In the wake of pervasive data privacy breaches and pressure on app stores from capitol hill, the FTC is making its own play to help educate consumers about apps and the privacy implications associated with downloading them.
The FTC launched Onguard Online, a Web site dedicated to giving consumers practical advice to help them protect against Internet fraud, secure their computers, and keep their information private online.
The site features online games, quizzes, and expert commentary–all intended to teach consumers about security, privacy and the Internet.
In the mobile apps section, Onguard gives practical tips about mobile apps.
- On what types of data an app can access – “Some apps may be able to access your phone and email contacts, call logs, internet data, calendar data, data about the device’s location, the device’s unique IDs, and information about how you use the app itself. Some apps access only the data they need to function, but others access data that’s not related to the purpose of the app.”
- On what companies may do with that data – “If you’re providing information when you’re using the device, someone may be collecting it – whether it’s the app developer, the app store, an advertiser or an ad network. And if they’re collecting your data, they may share it with other companies.”
- How can you tell what data apps will access or share – Onguard explains that there’s no easy way to tell which data the apps will access. It says to always be aware of the company from which you’re buying an app, and to read about that company in the app stores before downloading. It also added: “If you’re using an Android operating system, you will have an opportunity to read the “permissions” just before you install an app. Do it. It’s useful information that tells you what information the app will access on your device. Ask yourself whether the permissions make sense given the purpose of the app; for example, there’s no reason for an e-book or “wallpaper” app to read your text messages.”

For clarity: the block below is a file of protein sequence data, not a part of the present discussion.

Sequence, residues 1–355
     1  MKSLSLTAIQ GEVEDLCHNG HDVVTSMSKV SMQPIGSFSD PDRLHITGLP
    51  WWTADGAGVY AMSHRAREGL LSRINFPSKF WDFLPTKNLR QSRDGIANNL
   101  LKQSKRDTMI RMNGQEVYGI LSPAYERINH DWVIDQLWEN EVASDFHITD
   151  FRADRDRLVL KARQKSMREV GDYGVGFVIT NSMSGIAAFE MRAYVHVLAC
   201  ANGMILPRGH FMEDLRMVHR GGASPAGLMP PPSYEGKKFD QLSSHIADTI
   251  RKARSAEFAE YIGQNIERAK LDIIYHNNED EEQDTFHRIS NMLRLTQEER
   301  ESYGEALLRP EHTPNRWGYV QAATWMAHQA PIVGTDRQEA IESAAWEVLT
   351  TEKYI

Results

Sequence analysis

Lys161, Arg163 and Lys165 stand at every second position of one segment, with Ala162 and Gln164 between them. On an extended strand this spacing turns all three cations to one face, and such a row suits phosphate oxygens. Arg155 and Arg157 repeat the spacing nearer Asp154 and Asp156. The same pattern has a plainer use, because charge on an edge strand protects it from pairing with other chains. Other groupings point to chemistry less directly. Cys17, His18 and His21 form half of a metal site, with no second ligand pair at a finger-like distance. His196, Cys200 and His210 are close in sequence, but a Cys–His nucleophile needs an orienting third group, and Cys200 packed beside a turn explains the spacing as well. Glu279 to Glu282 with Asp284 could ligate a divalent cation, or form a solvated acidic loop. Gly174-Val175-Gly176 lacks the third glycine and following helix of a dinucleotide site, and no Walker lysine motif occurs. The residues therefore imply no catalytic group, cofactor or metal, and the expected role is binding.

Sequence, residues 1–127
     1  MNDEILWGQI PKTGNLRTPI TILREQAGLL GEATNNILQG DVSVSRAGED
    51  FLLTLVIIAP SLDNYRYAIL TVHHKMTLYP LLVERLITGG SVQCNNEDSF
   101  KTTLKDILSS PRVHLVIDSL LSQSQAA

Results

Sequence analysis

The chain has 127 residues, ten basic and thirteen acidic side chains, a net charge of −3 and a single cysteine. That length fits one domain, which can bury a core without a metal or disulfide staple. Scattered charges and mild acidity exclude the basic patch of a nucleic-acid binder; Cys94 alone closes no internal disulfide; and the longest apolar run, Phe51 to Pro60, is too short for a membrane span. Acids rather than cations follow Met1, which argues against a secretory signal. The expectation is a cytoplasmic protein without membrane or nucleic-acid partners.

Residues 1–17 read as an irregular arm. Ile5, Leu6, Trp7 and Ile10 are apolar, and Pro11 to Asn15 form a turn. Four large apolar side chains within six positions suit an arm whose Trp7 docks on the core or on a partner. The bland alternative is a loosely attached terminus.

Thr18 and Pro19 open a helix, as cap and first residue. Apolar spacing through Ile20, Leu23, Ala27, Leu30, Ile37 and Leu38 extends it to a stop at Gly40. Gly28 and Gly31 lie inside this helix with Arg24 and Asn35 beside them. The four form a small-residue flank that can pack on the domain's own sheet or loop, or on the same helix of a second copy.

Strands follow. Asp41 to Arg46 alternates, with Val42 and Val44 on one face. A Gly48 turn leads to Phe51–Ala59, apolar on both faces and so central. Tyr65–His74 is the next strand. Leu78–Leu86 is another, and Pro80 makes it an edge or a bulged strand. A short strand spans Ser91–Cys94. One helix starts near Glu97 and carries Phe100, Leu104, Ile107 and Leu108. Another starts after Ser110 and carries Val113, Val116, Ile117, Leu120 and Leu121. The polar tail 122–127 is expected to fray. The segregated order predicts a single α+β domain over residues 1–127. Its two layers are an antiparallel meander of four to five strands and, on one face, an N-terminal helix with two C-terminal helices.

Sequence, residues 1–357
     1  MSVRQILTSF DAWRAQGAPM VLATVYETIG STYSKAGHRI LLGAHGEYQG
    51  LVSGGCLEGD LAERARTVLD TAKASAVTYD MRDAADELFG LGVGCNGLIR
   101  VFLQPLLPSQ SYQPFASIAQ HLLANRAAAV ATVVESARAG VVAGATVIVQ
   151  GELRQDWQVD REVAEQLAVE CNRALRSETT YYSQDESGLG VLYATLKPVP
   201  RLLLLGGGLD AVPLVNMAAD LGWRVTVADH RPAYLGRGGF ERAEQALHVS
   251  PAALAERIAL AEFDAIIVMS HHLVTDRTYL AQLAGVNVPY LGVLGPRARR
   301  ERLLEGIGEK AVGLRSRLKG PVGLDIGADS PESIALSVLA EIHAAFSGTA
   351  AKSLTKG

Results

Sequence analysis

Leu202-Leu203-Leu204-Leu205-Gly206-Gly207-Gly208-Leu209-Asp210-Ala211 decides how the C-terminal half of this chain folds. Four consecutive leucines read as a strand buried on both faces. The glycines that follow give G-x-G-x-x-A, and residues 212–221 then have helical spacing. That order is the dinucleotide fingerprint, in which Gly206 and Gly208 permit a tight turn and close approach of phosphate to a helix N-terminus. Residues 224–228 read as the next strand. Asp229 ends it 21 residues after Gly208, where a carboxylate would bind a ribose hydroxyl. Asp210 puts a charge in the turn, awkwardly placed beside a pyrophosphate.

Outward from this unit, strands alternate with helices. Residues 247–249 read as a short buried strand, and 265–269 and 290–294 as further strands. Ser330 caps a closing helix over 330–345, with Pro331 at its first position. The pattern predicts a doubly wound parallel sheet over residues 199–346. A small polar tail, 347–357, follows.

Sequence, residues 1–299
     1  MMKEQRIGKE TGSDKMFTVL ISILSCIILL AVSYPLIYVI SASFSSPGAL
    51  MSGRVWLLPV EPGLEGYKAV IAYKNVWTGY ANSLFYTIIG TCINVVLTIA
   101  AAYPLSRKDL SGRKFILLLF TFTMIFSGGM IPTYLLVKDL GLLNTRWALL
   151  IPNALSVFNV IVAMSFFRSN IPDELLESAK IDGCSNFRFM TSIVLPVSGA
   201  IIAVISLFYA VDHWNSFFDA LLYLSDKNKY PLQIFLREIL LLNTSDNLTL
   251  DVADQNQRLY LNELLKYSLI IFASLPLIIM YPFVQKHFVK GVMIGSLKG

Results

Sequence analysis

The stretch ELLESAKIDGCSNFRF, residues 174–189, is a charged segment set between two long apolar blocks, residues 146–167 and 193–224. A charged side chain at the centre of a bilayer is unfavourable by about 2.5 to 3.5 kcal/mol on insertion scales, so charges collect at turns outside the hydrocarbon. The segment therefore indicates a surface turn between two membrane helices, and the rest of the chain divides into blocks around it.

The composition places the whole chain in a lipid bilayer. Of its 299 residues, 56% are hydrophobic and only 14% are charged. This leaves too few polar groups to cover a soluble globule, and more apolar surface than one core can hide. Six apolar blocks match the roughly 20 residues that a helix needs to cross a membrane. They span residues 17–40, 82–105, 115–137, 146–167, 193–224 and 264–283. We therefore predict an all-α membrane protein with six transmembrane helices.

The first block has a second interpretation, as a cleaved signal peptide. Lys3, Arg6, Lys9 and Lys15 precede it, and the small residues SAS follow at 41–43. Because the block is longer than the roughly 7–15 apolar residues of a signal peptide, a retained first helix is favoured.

- On why some apps collect location data – “Some apps use specific location data to give you maps, coupons for nearby stores, or information about who you might know nearby. Some provide location data to ad networks, which may combine it with other information in their databases to target ads based on your interests and your location.” The site also explains that you can turn of your location services in your smartphone’s settings, which prohibit companies from accessing it.
- On Apps and Malware – “Some hackers have created apps that can infect phones and mobile devices with malware. If your phone sends email or text messages that you didn’t write, or installs apps that you didn’t download, those could be signs of malware.” To remove malware you can contact customer support for your device, contact your carrier, or download apps which scan your phone and remove malware-infected apps.